Problems with Lexical Choice
Word Choice  WC Word choice errors include the use of wrong words; wrong auxiliary verb, verb particle, preposition, or relative pronoun; nonspecific or imprecise words; empty phrases, unnecessary repetition, and wordiness; cliches, slang, and informal word use.
Pronoun  Pro Pronoun errors include the use of pronouns that do not agree in case, gender, or number with their noun referents; the use of a pronoun where there is no clear antecedent; failure to use a pronoun to replace a noun when necessary; and incorrect forms of relexive and reciprocal pronouns.
Art/Det Article or determiner errors include unnecessary or missing articles or determiners (demonstrative and possessive adjectives, quantifiers, etc.), use of the wrong article or determiner, or use of a determiner that does not agree in number with a noun.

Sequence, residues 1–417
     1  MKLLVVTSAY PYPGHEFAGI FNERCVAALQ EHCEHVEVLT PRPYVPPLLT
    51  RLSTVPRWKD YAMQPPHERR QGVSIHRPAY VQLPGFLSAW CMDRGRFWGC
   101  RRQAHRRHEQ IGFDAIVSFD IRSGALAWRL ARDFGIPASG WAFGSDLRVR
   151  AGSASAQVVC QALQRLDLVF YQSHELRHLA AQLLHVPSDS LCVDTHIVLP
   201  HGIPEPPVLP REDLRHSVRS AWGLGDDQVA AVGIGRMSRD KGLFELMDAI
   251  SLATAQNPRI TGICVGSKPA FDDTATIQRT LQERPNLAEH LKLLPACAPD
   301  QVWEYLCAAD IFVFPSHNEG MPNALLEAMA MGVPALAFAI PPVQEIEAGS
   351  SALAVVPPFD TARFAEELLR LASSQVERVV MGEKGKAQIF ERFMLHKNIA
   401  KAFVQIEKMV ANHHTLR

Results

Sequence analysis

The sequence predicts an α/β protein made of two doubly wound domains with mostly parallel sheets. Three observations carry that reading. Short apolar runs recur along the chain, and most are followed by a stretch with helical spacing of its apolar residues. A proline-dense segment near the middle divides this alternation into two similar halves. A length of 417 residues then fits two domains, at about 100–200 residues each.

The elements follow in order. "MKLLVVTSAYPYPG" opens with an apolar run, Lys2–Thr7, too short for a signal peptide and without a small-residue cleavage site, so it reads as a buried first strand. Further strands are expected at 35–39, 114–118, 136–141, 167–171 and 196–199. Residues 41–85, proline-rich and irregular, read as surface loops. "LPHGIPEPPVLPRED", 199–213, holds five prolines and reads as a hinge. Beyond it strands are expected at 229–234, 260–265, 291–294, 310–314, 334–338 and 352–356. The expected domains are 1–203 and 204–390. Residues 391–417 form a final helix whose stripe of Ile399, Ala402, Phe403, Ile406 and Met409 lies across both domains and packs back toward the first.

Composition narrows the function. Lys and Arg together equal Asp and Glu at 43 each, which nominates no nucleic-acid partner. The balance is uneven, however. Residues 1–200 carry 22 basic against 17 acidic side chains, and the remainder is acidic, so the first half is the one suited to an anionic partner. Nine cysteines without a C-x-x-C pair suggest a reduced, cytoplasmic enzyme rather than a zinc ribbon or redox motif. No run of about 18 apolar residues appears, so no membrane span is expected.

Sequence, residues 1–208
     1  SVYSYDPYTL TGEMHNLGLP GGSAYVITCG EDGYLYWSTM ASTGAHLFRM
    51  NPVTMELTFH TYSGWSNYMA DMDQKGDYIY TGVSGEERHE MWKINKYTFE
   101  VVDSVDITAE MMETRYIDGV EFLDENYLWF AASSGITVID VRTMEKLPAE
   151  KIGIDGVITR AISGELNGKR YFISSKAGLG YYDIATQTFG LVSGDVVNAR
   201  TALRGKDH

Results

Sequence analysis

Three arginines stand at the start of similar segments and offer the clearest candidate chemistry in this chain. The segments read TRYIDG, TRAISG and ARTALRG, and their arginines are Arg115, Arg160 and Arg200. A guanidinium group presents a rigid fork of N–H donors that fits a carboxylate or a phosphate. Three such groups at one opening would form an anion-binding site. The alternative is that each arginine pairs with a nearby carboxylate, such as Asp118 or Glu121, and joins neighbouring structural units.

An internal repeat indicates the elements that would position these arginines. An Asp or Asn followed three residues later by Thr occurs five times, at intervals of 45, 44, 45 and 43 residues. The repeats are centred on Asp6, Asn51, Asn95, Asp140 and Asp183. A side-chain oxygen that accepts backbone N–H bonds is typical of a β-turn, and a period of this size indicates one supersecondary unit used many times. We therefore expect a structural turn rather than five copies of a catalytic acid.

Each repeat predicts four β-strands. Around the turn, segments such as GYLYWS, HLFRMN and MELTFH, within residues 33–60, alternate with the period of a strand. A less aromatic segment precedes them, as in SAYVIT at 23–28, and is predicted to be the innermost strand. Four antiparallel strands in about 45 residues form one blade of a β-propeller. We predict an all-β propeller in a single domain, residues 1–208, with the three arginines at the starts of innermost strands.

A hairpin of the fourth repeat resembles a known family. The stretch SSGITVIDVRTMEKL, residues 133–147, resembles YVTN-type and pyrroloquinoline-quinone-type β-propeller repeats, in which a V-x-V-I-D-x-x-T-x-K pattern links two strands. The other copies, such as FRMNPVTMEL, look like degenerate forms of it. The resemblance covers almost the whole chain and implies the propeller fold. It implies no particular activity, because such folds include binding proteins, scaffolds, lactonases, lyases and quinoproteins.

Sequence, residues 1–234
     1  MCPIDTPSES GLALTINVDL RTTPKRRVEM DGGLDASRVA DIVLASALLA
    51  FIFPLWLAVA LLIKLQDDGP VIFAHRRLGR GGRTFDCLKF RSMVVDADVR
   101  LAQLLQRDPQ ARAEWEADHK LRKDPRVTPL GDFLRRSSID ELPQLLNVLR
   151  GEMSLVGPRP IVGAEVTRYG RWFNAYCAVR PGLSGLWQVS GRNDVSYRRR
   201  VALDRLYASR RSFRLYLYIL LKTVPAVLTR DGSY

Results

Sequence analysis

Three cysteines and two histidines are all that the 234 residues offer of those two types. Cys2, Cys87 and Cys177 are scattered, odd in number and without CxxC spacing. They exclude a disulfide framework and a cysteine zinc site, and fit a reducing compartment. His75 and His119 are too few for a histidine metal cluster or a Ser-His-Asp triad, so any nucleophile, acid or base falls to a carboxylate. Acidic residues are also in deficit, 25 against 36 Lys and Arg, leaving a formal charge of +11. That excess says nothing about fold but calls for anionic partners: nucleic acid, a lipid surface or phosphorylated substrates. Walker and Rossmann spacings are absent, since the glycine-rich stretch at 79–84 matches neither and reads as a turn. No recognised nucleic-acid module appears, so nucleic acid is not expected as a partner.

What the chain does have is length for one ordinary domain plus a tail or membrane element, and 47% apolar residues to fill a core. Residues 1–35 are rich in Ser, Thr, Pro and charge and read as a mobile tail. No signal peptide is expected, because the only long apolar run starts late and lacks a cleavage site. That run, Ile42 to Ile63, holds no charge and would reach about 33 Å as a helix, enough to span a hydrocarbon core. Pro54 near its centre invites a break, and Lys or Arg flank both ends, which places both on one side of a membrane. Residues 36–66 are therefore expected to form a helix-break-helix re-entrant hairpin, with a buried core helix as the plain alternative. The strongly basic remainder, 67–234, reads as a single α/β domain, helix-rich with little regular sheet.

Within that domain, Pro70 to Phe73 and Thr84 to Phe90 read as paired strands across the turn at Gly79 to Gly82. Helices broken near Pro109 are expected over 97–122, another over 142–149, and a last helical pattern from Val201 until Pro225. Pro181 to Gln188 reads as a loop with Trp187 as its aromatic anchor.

Idiom  ID Errors in idiomatic language use occur when a fixed idiomatic expression is incorrectly written or when language use is very unnatural and strangely different from native-sounding discourse. This includes mistakes in collocations, words that freqently co-occur in combination like common verb phrases.
Spelling  SP Spelling errors are often tied to unfamiliarity with the phonetic system of English, with various sound-vowel combinations, with rules related to word-stress patterns, and with morphological changes to various inflected forms.
Caret and strikethrough ^ The caret signals the omission of a necessary word or phrase; the strikethrough crosses out unnecessary or incorrect words.